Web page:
In the next few weeks, Google is expected to make an announcement that it was expected to make at Google I/O 2013, an announcement for the heavily rumored Nexus 7 2. The device will more than likely replace the Nexus 7 on the Google Play Store as the company’s flagship 7-inch slate. And while the prospects of the Nexus 7 2 are exciting, not everyone should be waiting for the new Nexus 7 to arrive.
In May, Google took the stage in San Francisco at its annual developers conference and made some announcements. However, those announcements pertained to many of the company’s current services, rather than new brand new products. Google did announce the Samsung Galaxy S4 Nexus at Google I/O, but the Galaxy S4 isn’t a new device.
The company skipped out on two of the big announcements that seemed like distinct possibilities: Android 4.3 Jelly Bean and a new Nexus 7 2 tablet. However, as we have learned in the weeks since, these products were just vapor, they appear to be very real.
Android 4.3 has been rumored for release a few weeks after the arrival of the Samsung Galaxy S4 Nexus and it could be that it arrives alongside the Nexus 7 2 which is rumored for a launch in July, just like its predecessor, the Nexus 7.
Backing up the notion of a launch is the fact that an Asus-made tablet passed through the FCC with all signs pointing to it being a Nexus tablet. Seriously, the filing stated in plain English that the device would be marketed as a Nexus device.
So, it’s pretty clear that Google and Asus have something up their sleeves for the weeks ahead and it’s looking like it’s going to be a new Nexus 7, presumably called the Nexus 7 2 or Nexus 7 HD.
We’ve already discussed why consumers might want to wait for the Nexus 7 2 and now, it’s time to take a look at the flip side and look at some reasons why consumers might not want to wait for the Nexus 7 2 to arrive.
Why You Shouldn’t Wait for the Nexus 7 2
For some, the Nexus 7 2 will seem like a major update. It’s said to have a Snapdragon 600 quad-core processor. It’s thought to have a 1080p display. It’s also rumored to have a 5MP rear camera on board, something that the Nexus 7 did not have. However, for most users, the Nexus 7 2 is looking like an average update.
From the FCC filing, it doesn’t appear to posses any major design changes from the original Nexus 7. For many, design is a big thing and the Nexus 7 design while good, simply isn’t as good as the metal iPad mini.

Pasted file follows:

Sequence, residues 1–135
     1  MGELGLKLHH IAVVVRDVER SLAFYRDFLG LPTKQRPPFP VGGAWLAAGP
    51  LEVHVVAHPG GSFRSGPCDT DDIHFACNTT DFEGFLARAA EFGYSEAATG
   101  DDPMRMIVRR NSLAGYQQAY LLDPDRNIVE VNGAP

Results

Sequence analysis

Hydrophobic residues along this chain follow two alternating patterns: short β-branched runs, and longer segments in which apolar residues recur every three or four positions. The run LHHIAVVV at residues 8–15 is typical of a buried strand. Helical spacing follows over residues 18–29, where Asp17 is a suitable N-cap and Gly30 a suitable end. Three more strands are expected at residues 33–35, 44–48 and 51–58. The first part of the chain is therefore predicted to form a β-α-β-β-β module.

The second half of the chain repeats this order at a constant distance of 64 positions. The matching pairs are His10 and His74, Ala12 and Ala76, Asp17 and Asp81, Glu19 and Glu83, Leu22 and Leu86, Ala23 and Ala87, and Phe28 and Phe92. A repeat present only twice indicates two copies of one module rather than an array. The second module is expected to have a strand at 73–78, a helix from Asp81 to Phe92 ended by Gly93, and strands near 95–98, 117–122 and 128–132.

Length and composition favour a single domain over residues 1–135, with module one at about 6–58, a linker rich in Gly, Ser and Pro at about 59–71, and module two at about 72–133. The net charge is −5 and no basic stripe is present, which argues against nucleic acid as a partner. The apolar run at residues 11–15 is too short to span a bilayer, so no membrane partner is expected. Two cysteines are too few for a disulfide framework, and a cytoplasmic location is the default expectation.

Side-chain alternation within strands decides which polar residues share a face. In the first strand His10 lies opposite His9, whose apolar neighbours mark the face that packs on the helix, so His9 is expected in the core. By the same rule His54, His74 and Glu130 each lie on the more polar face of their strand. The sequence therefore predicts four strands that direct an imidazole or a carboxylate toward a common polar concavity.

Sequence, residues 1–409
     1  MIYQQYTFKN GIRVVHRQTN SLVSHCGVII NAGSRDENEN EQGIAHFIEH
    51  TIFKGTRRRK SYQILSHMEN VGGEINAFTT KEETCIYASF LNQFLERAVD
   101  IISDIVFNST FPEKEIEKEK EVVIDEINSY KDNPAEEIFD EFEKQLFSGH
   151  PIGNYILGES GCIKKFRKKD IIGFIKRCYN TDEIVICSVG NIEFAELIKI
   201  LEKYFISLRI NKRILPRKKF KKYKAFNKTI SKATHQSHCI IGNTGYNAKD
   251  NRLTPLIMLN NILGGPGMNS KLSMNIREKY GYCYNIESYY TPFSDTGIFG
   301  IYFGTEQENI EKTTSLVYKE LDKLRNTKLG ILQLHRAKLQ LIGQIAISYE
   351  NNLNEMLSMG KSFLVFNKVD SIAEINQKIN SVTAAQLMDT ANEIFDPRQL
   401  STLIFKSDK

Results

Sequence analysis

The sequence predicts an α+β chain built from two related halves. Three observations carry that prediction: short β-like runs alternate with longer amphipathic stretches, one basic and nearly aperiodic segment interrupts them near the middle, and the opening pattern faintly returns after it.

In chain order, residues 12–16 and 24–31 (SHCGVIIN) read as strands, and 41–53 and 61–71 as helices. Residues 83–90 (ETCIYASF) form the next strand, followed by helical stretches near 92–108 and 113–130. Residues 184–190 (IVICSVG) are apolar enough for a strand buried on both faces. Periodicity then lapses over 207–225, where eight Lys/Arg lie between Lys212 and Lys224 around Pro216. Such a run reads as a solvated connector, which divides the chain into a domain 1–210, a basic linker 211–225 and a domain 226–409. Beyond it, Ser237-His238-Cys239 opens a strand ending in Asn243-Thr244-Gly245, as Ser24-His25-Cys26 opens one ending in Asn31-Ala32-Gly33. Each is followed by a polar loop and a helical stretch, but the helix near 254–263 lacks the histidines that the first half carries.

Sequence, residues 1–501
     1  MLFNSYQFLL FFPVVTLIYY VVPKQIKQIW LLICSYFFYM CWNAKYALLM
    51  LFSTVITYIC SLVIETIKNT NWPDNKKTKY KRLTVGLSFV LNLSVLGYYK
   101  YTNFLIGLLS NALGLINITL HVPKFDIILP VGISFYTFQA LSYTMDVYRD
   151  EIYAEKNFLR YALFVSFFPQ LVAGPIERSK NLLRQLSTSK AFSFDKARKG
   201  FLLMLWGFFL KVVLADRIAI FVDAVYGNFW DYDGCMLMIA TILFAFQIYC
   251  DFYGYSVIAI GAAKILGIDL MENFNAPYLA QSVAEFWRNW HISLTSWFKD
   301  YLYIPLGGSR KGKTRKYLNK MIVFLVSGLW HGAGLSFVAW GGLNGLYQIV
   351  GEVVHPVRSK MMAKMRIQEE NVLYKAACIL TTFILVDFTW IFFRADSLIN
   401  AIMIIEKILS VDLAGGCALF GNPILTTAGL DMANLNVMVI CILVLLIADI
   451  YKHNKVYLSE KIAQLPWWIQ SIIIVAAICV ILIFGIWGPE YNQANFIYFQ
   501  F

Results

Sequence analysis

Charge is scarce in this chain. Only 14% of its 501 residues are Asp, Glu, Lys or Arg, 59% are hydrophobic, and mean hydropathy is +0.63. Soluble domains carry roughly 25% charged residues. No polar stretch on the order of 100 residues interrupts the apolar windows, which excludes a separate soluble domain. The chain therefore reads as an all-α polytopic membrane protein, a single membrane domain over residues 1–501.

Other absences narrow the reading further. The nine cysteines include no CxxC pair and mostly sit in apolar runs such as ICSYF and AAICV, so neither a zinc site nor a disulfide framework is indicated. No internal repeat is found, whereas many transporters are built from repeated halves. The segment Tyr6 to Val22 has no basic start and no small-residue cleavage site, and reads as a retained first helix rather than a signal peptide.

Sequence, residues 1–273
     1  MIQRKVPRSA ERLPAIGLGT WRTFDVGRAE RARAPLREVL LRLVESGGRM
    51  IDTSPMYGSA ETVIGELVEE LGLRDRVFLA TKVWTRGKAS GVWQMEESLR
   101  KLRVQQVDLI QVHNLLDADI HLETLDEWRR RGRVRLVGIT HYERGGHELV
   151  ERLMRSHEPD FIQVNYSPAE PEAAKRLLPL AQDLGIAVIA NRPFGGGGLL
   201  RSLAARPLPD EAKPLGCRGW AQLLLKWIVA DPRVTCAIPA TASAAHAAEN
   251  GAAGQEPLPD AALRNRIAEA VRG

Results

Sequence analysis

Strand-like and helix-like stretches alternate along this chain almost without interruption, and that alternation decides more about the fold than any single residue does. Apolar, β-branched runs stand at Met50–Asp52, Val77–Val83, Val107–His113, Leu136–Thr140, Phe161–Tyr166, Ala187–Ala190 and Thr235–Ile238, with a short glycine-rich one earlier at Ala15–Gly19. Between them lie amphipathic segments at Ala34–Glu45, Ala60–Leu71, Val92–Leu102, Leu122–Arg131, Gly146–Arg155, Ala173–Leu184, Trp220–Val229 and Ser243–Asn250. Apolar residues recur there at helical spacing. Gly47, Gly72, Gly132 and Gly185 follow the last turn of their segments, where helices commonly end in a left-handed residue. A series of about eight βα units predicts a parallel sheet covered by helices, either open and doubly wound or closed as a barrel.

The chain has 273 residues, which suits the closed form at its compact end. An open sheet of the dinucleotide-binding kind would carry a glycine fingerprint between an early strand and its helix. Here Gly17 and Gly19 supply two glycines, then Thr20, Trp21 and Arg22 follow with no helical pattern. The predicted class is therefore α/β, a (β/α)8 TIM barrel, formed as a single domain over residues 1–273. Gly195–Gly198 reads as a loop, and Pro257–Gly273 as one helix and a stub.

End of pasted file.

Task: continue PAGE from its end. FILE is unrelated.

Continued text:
The original Nexus 7 has a quad-core processor as well in the form of the Tegra 3 which will be enough horsepower for most people and the fact that a camera will be on board isn’t an upgrade at all. Tablets still make for horrible cameras.
Content consumers will love the 1080p display but for those that simply watch a few videos per week or read lots of books, the 720p HD display on devices like the Nexus 7 will be perfectly fine.
If Google was cooking up Android 5.0 Key Lime Pie for the Nexus 7 2, things might have been different. But because the hardware is an incremental upgrade and Android 4.3 Jelly Bean is thought to be a minor update, the Nexus 7 2 is likely not going to be a major upgrade in the eyes of average consumers.
Software Isn’t an Upgrade
Yes, the Nexus 7 2 will be coming a year after the Nexus 7 but that doesn’t mean it will garner any benefits in terms of update speed. In fact, those who own or are thinking about buying the Nexus 7 will get updates at the same time as Nexus 7 2 owners.
Something else to think about is that Apple devices tend to possess more longevity than Android devices, even Google supported ones, so the iPad mini, which is getting outfitted with iOS 7 later this year, might be the device that some consumers should be looking closer at.
Simply put, the iPad mini is arguably the best 7-inch tablet on the market right now thanks to a solid aluminum design, a relatively cheap price, a wealth of iPad-specific apps and updates that will be arriving for years to come.
Indeed, the Nexus 7 2 will beat the iPad mini in at least one area, screen resolution. However, when it comes to software support, design, and app choices, the iPad mini is the superior device.
We should also throw in the fact that those who simply live in the Apple ecosystem, whether it’s due to a Mac, an iPhone, or both, should seriously consider the iPad mini over the Nexus 7 2 because of the cross-device benefits that iOS and OS X provide.
You Don’t Like Bugs
The Nexus 7 2 is a Nexus device and that means that it’s a developer device. And like the Google developer devices before it, the Nexus 7 2 is more than likely going to arrive with a host of bugs.
Over the past year, the Nexus 7 experience has gone from fantastic, to good, to plain bad after the update to Android 4.2. The device, for some people, simply is unusable. This has happened to plenty of Nexus devices before it, including the Verizon Galaxy Nexus.
These devices do offer benefits, like vanilla Android software, but they often come with pitfalls that make owners feel like they’re guinea pigs for Google. Those that don’t like bugs will want to look at other devices that aren’t called Nexus.
You Need Tons of Storage
One of the prominent features of Google’s Nexus devices is the lack of a microSD card slot. This wouldn’t be a huge problem if Google offered Nexus devices that had tons of internal storage. It doesn’t.
Instead, it tends to offer 8GB, 16GB or 32GB of storage and the Nexus 7 2 will likely have the latter of the two. Those who need tons of storage but don’t want to depend on the cloud will want to check out other tablets, like the iPad mini 64GB or the iPad 128GB. There are also other Android tablets that possess microSD card slots for expanded storage.
For many, this won’t be a big deal, but for those that need tons of storage for gaming, movies and more, the Nexus 7 2 will be limited.
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